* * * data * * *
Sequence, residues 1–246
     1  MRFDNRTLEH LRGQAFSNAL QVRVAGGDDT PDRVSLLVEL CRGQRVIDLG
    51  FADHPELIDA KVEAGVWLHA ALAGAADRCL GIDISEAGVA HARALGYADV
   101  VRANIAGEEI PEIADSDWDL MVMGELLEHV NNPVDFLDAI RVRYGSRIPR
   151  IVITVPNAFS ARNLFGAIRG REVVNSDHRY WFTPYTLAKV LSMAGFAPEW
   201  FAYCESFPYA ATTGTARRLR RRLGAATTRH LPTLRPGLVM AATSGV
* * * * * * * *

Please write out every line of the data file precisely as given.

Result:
Sequence, residues 1–246
     1  MRFDNRTLEH LRGQAFSNAL QVRVAGGDDT PDRVSLLVEL CRGQRVIDLG
    51  FADHPELIDA KVEAGVWLHA ALAGAADRCL GIDISEAGVA HARALGYADV
   101  VRANIAGEEI PEIADSDWDL MVMGELLEHV NNPVDFLDAI RVRYGSRIPR
   151  IVITVPNAFS ARNLFGAIRG REVVNSDHRY WFTPYTLAKV LSMAGFAPEW
   201  FAYCESFPYA ATTGTARRLR RRLGAATTRH LPTLRPGLVM AATSGV